Establishing an internship program for people with a disability, for example, is a much more practical and cheaper way forward in addressing unemployment levels for people with a disability. We train graduates – many people with a disability hold academic qualifications – and we have indigenous internships, how about disability internships? Paid ones? That’s what would change a life, and change attitudes and stereotypes in the workforce. Here’s what you need to know:
- People with a disability take less sick leave
- People with a disability make fewer workers’ compensation claims
- People with a disability are more loyal to a company over time
- People with a disability only need reasonable adjustment and flexible work in order to make the same, if not better, contribution to your business as any other worker
- People with a disability are lateral thinkers – they’ve had to be in order to manage their lives with a disability.
Enabled Employment have been nominated for, and won awards, locally, nationally and globally, so that we can raise the issue of employment for marginalised groups on big stages.
Our Media and Liaison Manager, Chief Information Officer and me, are all people with a disability. If we three can run our business as a globally award winning and recognised one only 2 years after launching, just imagine what a person with a disability can do for your business – if you give them the chance.
It's no use throwing money at someone else to take care of the problem.
What we need is attitude change. That only happens where employers take charge, establish innovative programs such as internships, and change attitudes in the workplace by employing those with different abilities.
It's your responsibility to affect change in the workforce, not somebody else's.
So what can you do to change the hopes and lives of a person with a disability? We’ve run internship programs before, and we know how to do it. We have thousands of candidates with academic and other qualifications on our website waiting for a job offer with an employer who is willing to take responsibility for changing the world with us.
Touch base with us now.
Most businesses ultimately are concerned with one thing: profitability, and whether they made more this year than last year and how to improve next year. Whether in a period of growth or recession, most business discourse concerns the net worth and profitability of a business; most will rarely make business decisions that may ultimately cost the business too much money for too low a potential for reward.
Employment of people with disabilities has been seen in the past – not as investment in human resources – but as a net cost; an American report in 2009 found that this was an attitude not just at the very top, but at all levels in a business’ hierarchy. Aside from being discriminatory, it is also false. Many costing myths exist regarding employment of people with disabilities.
This is the most common assumption, that there are greater safety issues when employing people with disabilities and therefore they represent a greater cost to insure. Firstly, there is the assumption here that insurance premium cost is based purely and entirely on the risk assessment portion of the insurance premium; certainly, risk of injury is one factor but it is not the only factor – the majority of a premium is calculated on likelihood of accidents based on the work the business carries out.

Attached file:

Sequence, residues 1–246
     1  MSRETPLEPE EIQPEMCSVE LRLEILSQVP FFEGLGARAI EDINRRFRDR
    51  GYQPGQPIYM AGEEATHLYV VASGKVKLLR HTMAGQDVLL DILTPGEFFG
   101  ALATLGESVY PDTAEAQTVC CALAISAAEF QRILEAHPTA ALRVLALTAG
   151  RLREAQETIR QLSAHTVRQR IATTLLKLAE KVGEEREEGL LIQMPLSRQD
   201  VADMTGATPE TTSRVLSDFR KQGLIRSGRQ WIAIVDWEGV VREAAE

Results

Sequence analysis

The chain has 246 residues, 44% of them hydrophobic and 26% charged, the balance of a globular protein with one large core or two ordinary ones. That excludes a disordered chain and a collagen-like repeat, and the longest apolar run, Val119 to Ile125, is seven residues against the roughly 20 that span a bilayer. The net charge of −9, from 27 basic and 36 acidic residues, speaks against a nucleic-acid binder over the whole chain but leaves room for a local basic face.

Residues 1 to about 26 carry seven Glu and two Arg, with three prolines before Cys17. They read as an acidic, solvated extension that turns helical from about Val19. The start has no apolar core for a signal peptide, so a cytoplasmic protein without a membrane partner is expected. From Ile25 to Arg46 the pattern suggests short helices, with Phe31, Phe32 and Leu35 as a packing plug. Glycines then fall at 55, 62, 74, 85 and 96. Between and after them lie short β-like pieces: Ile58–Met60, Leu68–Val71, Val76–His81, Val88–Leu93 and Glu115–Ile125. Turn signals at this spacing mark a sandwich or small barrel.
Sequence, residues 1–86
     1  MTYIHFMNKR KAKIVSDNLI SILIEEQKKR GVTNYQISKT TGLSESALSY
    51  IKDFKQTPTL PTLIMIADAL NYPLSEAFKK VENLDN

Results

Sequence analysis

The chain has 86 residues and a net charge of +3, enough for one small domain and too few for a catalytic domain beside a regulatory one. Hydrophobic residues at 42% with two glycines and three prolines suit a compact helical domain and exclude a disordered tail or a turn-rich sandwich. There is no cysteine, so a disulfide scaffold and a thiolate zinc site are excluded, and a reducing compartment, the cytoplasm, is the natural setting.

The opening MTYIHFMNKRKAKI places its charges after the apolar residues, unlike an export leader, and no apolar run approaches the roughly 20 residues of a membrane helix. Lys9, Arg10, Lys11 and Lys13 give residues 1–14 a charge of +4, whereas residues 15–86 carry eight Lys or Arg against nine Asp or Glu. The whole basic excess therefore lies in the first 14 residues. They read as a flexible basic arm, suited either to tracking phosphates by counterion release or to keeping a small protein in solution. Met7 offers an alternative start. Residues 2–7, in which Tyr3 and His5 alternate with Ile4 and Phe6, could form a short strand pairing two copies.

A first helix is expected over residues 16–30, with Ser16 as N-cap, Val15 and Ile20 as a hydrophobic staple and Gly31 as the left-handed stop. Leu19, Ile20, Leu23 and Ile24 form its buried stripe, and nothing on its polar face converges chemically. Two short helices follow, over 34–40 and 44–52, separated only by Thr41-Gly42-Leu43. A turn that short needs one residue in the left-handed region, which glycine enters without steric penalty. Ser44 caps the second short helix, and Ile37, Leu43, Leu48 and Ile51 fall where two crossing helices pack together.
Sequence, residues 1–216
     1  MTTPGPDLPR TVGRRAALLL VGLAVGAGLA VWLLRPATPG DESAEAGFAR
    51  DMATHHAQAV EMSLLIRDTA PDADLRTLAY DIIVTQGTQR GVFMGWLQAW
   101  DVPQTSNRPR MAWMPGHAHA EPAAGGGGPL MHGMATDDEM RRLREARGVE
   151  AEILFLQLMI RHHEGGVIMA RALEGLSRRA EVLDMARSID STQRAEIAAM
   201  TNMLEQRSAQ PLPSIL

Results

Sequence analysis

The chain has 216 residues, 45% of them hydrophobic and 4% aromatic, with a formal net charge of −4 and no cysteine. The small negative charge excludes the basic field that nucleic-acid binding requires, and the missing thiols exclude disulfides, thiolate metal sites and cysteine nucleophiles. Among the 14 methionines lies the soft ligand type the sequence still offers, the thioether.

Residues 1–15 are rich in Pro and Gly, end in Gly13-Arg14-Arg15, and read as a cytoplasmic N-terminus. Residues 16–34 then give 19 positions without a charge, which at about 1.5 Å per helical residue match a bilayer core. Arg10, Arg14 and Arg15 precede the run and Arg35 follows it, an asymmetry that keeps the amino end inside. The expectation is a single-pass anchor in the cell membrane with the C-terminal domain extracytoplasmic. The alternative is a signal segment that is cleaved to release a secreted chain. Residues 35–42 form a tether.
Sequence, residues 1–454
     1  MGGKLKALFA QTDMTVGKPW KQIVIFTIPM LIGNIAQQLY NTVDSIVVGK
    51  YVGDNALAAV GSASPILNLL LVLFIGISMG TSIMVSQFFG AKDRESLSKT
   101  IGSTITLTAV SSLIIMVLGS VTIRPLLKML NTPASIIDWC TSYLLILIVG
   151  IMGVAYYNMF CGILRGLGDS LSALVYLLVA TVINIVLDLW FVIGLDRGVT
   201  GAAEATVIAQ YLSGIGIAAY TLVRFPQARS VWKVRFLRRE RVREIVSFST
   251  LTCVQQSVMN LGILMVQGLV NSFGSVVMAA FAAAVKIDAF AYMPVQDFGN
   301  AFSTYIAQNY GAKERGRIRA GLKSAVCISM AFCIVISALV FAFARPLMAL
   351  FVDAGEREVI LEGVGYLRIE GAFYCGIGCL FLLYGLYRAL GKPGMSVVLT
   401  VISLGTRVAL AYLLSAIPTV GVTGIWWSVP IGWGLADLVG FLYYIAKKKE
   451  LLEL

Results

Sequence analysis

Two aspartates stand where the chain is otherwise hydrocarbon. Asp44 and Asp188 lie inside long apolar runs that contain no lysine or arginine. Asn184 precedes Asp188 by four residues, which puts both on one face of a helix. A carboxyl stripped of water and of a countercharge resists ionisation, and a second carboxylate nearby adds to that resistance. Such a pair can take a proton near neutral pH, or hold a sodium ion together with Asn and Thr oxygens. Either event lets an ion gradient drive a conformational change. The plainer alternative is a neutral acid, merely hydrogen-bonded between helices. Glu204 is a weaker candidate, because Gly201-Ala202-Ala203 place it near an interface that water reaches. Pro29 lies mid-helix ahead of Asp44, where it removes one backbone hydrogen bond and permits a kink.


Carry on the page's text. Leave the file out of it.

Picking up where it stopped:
Even if insurance premiums were calculated purely on the risk of accident in the work place, statistics show that people with disabilities are marginally less likely to be the victim of an accident at work. The difference is slight but the common myth that they represent a greater insurance risk is unfounded either way. People with disability therefore represent a lower insurance risk and lower insurance costs.
One of the arguments regarding the cost of employing people with disabilities is that it is either prohibitively expensive or an unnecessary expense for the employment of just a handful of people. The first is certainly not true as there are a number of regional and national schemes and funds available to either completely cover the cost of modification of the workplace or a substantial fund that they can apply to for a bursary through the Employment Assistance Fund and often represents a one off change for the future.
In the unlikely event that a business would be refused financial assistance for workplace modification, it has been calculated that the cost per person averages out at under $500. A UK based disability employment organisation quotes £184 and US statistics quote a similar figure. The investment is highly unlikely to see the business operating at a loss when we consider that people with disability have a lower attrition rate (are more likely to stay in a job) and are more productive.
Human Resource Costs
Workplace modification includes adjustments to doors, installation of ramps, lowering steps and other physical modifications. Human Resource costs come with certain extra considerations for people with disability – new computer hardware (such as a special keyboard or a mouse) software (for people with poor eyesight for example), or specialist office equipment (desk, chair etc). All of this equipment in Australia is covered under the Employment Assistance Fund.
An in depth academic study of common myths proving a barrier to more businesses employing people with disability is here (login required): http://onlinelibrary.wiley.com/doi/10.1002/hrm.20211/abstract
This one examines the relative costs and benefits of employing people with disability: http://dro.deakin.edu.au/view/DU:30001618?print_friendly=true